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  • Menu not appearing correctly on Apple devices - button 'spills over'

    Hi all,

    I've been having this problem for an embarrassing number of months now and can't seem to fix it, really hope someone here can help.

    I have a CSS menu on my site that appears fine in all browsers under Windows, but on an Apple device such as a MacBook or iPad the buttons spill over onto a second row (see attached image).

    At first I thought this may be an issue with anti-aliasing so I took the following code:
    Code:
    #cssmenu > ul > li > a {
    	font-family: 'Oswald', sans-serif;
    	font-size: 1.275em;
    	font-weight: 400;
    	height: 19px;
    	padding: 10px 8px 10px 4px;
    	color: #fff;
    	border-right: solid #fff 1px;
    	text-transform: uppercase;
      	-webkit-transition: color 0.25s ease-out;
      	-moz-transition: color 0.25s ease-out;
      	-ms-transition: color 0.25s ease-out;
      	-o-transition: color 0.25s ease-out;
      	transition: color 0.25s ease-out;
    }
    and added

    Code:
    -webkit-font-smoothing: antialiased;
    -moz-osx-font-smoothing: grayscale;
    Could it be an issue with margins / padding?

    Here is a page with the menu

    Is it better for me to post some of my CSS or can Firebug be used to investigate more thoroughly?

    Many thanks,

    Niall

    Click image for larger version

Name:	menu.jpg
Views:	1
Size:	36.8 KB
ID:	2283609
    Last edited by Demonolith; Sep 18, 2016, 12:30 PM.

  • #2
    Originally posted by Demonolith View Post
    I have a CSS menu on my site that appears fine in all browsers under Windows, but on an Apple device such as a MacBook or iPad the buttons spill over onto a second row (see attached image).

    Could it be an issue with margins / padding?
    It seems strange for someone working on a site for a Catholic church to be using Demonolith as a handle... But I digress.

    The problem is that you're mixing absolute and relative units (i.e., pixels, percentages based on pixels, and ems). You need to use one or the other or accept the potential for wrapping. If you want to pick the most accessible solution, you'll opt for relative units. To address just this particular issue, that entails changing your layout width, image width, and menu borders to be em/rem-based.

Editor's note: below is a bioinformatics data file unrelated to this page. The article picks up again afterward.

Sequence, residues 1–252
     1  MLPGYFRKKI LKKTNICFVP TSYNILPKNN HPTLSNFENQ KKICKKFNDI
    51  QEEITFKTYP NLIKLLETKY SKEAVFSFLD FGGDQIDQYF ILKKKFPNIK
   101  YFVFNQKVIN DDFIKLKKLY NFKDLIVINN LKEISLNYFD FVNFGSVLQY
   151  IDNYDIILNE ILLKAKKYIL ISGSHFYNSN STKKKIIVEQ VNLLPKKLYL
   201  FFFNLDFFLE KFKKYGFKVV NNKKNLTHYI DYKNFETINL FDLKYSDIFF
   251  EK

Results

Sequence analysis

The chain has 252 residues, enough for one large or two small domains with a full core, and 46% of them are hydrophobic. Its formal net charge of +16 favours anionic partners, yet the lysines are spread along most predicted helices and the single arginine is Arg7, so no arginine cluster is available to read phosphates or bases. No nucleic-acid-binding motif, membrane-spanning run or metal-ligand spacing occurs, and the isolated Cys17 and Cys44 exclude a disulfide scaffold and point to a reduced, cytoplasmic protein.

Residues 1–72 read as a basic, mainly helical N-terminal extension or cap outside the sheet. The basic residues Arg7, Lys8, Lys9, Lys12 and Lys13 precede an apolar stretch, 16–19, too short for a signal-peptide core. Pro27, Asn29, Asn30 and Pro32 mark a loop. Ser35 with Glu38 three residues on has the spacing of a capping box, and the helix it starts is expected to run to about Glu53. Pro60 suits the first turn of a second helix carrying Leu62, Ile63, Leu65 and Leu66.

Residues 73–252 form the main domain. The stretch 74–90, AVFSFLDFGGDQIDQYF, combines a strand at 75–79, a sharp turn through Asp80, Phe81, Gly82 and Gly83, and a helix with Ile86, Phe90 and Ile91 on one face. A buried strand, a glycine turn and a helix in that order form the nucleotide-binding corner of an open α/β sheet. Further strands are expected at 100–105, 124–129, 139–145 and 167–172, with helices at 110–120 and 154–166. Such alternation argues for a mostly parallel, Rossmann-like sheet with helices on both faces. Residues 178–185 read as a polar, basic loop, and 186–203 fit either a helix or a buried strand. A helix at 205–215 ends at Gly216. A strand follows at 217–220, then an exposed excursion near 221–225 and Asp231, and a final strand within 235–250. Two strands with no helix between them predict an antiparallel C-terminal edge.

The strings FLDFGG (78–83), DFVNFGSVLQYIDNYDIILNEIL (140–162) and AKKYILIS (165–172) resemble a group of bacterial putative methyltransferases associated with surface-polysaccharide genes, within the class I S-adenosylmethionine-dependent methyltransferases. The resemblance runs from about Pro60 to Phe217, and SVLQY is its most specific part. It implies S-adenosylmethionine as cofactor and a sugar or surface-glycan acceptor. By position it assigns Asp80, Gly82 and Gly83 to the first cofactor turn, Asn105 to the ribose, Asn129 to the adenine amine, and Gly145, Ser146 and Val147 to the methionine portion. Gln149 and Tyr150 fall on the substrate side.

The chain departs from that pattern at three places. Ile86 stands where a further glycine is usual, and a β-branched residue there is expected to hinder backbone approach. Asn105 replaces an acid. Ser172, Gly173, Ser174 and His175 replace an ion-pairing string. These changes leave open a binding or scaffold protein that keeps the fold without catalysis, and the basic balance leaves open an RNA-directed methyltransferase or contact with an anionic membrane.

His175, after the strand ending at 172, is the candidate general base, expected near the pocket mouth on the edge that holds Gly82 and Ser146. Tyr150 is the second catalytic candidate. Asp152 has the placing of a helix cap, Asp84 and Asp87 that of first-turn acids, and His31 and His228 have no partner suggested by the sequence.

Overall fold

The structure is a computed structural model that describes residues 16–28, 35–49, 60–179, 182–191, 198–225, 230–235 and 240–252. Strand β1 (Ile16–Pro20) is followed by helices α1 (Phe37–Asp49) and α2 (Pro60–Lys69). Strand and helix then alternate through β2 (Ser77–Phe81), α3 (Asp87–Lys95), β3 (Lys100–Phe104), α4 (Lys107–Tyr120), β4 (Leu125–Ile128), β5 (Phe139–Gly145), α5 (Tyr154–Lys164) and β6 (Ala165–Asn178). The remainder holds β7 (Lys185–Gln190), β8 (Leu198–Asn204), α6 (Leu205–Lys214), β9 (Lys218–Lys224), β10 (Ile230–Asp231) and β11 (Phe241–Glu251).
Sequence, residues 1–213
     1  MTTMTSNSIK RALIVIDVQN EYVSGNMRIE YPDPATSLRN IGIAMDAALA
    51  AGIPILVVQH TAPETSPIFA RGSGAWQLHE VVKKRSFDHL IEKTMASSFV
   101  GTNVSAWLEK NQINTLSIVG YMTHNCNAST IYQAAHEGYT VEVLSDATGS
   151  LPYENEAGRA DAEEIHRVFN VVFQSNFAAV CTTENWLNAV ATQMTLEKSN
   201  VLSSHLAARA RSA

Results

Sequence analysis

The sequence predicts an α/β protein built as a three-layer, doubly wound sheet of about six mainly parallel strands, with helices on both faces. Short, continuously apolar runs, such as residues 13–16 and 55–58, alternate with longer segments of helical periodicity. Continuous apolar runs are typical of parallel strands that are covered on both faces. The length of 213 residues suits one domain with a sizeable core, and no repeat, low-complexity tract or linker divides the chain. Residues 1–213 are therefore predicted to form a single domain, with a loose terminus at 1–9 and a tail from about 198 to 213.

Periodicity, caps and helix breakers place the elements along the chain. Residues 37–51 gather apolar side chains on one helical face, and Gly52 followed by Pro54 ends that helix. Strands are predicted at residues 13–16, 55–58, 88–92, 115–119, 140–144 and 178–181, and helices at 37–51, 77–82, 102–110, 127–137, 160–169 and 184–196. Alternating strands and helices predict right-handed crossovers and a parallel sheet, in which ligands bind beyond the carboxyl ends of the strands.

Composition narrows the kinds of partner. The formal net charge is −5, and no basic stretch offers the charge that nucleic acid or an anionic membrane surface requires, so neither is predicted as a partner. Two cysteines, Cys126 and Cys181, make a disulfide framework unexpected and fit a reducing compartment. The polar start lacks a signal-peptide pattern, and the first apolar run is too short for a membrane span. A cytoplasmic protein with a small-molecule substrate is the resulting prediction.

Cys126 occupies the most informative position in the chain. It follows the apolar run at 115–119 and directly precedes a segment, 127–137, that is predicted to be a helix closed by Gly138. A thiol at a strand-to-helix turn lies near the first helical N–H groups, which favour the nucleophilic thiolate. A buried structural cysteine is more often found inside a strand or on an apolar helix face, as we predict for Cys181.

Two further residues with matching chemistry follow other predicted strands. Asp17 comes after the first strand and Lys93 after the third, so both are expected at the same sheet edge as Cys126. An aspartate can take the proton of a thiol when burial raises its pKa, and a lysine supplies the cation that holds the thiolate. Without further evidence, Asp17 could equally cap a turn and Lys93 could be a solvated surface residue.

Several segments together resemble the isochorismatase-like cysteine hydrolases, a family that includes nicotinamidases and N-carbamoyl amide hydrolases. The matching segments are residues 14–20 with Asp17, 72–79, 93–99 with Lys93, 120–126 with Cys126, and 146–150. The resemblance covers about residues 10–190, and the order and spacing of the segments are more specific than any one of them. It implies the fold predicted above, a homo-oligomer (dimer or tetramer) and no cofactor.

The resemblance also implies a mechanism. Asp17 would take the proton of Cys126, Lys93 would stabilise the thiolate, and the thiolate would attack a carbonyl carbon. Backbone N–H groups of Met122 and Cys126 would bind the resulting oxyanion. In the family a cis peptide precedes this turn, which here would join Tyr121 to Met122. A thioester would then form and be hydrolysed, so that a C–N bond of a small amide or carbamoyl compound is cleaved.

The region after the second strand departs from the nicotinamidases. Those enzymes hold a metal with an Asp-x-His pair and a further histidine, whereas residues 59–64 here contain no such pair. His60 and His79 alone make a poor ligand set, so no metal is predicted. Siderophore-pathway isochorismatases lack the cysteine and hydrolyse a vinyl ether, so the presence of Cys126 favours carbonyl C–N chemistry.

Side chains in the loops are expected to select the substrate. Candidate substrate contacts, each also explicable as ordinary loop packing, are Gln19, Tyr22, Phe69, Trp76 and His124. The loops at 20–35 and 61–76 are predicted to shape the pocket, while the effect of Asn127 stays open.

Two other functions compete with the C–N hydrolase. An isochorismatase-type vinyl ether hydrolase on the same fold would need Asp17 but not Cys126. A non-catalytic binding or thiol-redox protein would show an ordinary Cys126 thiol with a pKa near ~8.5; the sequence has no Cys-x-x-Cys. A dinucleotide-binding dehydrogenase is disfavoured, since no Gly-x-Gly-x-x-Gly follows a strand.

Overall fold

Rems (root element ems) are the preferred relative unit since ems are based on the font size of the parent element and that can result in some tedious math every time you change a font size that a particular em-based value is deriving its value from. However, if you need to support older versions of Internet Explorer, you may end up having to do the math. IE11 fully supports rems. IE9/10 only partially support rems.

    To complicate things, you have a magnifying glass image in there. Making that based on relative units could cause blurring, so you'll probably want to use either a vector (SVG) image that can stretch without quality loss or an oversized raster (PNG) image (at least 200% larger) to account for that.

    Since this is a text based issue, it's unsurprising that your menu is wrapping for me in Firefox 48 on Windows 10. If you right-click the desktop and select "Display settings", there's a slider option to "Change the size of text, apps, and other items". I have my setting at a non-default 125%, which is probably the reason for wrapping. A lot of site owners and app developers don't consider high DPI modes on modern operating systems and their content ends up appearing blurry as a result. (Favicons are one of the biggest offenders for blurry images.)

    Lastly, each menu item should account for font width differences unless you're serving custom fonts and can therefore rely on a given font being present.
    Last edited by Arbitrator; Sep 19, 2016, 04:30 AM. Reason: Clarified how em units work.

    Comment


    • #3
      Originally posted by Arbitrator View Post
      It seems strange for someone working on a site for a Catholic church to be using Demonolith as a handle... But I digress.
      Ha ha, good point - I promised my clients I would invoke any ancient demon from the nether realm during development.

      The problem is that you're mixing absolute and relative units (i.e., pixels, percentages based on pixels, and ems). You need to use one or the other or accept the potential for wrapping. If you want to pick the most accessible solution, you'll opt for relative units. To address just this particular issue, that entails changing your layout width, image width, and menu borders to be em/rem-based.
      I see I have a lot of changes to make (up to the challenge), I didn't realise this was the case though.

      Should I change all units throughout my WordPress site to rem (including font-size, padding etc.) or just anything that directly involves the menu?

      In some cases I used 100% such as the menu width, what is the rem equivalent?

      Thanks,

      Niall

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